If you’re like most people, you have an ever-growing list of accounts and services, each of which requires a password. How do you keep track of them? If you just use the same password everywhere, you’re asking for trouble. If you use strong, unique passwords everywhere, I don’t know how you remember them all.
Much of the advice around passwords has been near-impossible to follow: use a strong password containing numbers, letters and special characters; change it regularly; come up with a completely unique password for each account; and never write a single one down. It’s no wonder so many people have thrown up their hands and given up on password security. Here, we’ll show you some simple ways to get your passwords in order and save brain power.
Cloud-Based Password Manager
What if your web browser remembered your passwords, automatically generated strong passwords and offered access to your passwords from anywhere?
That’s what you get when you use a cloud-based password manager like LastPass, which we’ve covered in the past — it bills itself as “the last password you’ll have to remember.” LastPass stores your passwords online in an encrypted form. When you log in, the encrypted blob is downloaded to your computer and decrypted locally.
These services also help you store and remember other important information — you can make secure notes or enter PINs and other sensitive information not related to websites.
Security can be strengthened with two-factor authentication, which ensures people can’t log into your password vault without a physical object, even if they know your master password.
LastPass isn’t the only cloud-based password manager; we’ve covered other ones in the past.
If you don’t trust the service, you can always store your less-important passwords in a cloud-based password manager and store your online banking passwords in your brain.
Local Password Manager
If you’re not comfortable storing your passwords online but still want your computer managing them for you, you can use a local password manager like Keepass, which we’ve covered before . Keepass performs much of the same functions, but it runs on your computer and doesn’t store any data on the web.
You can even use Keepass in combination with an online file-storage service such as Dropbox to synchronize your encrypted password file across your devices.
Coming up with your own password algorithm is the ideal way to manage your own passwords if you want to do it all in your own brain. Instead of remembering unique passwords for each account, you start with a base password and modify it based on the website’s name.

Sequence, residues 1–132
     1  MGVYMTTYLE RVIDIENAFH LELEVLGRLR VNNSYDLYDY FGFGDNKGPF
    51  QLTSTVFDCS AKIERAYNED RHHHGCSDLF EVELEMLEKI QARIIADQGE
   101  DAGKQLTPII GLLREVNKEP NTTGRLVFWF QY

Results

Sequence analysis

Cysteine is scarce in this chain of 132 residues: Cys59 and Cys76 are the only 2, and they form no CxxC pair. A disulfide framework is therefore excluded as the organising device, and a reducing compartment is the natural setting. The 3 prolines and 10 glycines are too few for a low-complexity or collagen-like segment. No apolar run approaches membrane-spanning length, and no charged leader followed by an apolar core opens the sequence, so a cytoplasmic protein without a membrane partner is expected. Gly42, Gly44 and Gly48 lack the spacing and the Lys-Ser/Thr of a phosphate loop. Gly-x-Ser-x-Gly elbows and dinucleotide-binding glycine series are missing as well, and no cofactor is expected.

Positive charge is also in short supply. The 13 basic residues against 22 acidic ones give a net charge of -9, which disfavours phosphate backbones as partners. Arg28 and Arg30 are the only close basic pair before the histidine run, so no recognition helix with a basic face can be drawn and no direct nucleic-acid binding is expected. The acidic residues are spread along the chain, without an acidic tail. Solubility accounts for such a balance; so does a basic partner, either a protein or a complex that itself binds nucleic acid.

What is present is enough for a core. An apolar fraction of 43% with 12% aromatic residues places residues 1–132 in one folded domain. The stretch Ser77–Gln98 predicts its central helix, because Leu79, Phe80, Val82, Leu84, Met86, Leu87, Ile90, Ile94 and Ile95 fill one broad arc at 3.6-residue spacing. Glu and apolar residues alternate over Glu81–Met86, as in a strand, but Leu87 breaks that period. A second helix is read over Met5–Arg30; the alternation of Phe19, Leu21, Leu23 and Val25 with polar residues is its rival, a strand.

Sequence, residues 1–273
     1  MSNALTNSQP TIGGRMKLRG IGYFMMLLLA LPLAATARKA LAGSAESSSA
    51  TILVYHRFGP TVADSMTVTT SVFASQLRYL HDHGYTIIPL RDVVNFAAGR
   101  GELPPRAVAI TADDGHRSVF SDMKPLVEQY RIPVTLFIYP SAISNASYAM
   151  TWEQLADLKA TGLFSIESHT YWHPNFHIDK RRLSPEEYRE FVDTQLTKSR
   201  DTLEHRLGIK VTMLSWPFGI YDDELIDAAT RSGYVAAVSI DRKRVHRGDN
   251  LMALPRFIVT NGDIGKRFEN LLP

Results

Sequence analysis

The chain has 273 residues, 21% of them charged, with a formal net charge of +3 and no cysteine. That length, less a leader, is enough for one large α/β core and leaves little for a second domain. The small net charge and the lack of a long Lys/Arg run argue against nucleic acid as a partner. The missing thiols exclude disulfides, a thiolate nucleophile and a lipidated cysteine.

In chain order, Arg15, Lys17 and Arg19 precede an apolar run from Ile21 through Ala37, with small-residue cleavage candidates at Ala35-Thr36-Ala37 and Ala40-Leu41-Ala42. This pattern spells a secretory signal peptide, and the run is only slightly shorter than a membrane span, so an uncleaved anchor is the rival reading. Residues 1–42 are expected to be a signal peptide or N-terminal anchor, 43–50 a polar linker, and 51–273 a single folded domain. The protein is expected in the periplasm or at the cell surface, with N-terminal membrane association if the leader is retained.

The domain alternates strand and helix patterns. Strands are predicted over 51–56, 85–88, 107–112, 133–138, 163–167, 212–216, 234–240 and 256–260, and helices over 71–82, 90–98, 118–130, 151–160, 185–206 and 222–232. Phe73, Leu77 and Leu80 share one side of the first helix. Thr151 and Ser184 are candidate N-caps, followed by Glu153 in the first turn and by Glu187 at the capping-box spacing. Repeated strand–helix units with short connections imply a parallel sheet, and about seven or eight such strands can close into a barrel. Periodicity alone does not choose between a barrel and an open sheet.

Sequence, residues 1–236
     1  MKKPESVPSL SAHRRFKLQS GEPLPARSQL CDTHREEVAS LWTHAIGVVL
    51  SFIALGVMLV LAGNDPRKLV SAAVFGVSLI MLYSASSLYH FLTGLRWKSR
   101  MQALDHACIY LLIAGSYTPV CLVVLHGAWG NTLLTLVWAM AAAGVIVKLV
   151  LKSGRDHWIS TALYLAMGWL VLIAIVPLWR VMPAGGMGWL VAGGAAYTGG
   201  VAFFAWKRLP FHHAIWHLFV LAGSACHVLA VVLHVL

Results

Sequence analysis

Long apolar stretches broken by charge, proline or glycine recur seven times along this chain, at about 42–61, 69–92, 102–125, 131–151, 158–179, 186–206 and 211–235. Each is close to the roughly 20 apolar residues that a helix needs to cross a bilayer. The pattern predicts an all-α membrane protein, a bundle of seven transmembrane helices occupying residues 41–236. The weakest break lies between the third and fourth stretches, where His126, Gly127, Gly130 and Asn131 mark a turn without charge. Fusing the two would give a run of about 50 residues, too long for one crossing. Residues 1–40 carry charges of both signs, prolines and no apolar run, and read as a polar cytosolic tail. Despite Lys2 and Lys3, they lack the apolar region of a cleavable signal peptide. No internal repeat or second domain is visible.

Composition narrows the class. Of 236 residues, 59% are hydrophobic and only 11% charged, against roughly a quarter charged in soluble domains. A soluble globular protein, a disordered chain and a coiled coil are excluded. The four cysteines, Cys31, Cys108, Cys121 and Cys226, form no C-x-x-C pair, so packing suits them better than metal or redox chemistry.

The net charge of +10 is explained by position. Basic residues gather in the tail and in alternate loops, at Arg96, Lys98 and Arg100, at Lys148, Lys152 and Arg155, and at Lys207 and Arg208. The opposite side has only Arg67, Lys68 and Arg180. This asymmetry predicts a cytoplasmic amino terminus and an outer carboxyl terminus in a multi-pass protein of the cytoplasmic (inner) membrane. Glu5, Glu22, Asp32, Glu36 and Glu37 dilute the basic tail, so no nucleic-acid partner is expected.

Here’s an example: You might start with a base password like gf1lk9e&. Now, when you create a password for Amazon.com, you might add the first letter and the last letter of the website’s domain name to the end of your base password — so your Amazon password would be gf1lk9e&an. Likewise, your Google password would be gf1lk9e&ge.
You can come up with different, more complicated algorithms on your own. The main idea is that you won’t have to remember a unique password for each website — you just remember your base password and your algorithm.
There’s one snag with algorithms: Some poorly designed websites limit the characters you can use for passwords. A website might prevent you from using symbols or restrict you to only numbers.
A password generator is an algorithm implemented as a browser extension or bookmarklet. Come up with a master password, type it into the password generator and it’ll generate a unique password for each website you use. You don’t have to maintain a password vault or remember an algorithm — just install the generator on each browser you use and use the same master password everywhere.
It has the same disadvantage algorithms have: It won’t work for websites that limit you to specific types of characters.
Strategies For Unimportant Passwords
There are other ways to simplify your massive pile of passwords if you don’t want to use one of these strategies. Both go against the common wisdom, but each has its place.
Writing Passwords Down: We were always told not to do this, but why not? Go ahead and write down passwords that aren’t too important. You obviously don’t want your online-banking password written down, but it’s probably alright to have your I Can Haz Cheezburger account password on a piece of paper.
Using The Same Password: It’s not ideal, but let’s be honest: Using the same password for unimportant accounts, such as that free online newspaper account you created so you could read articles and that photo-editing website you used once, isn’t much of a problem. Just make sure you use unique passwords for important accounts like your email and online banking. This helps save your memory for remembering the strong passwords your important accounts use.
How do you keep track of your passwords? Leave a comment and let us know.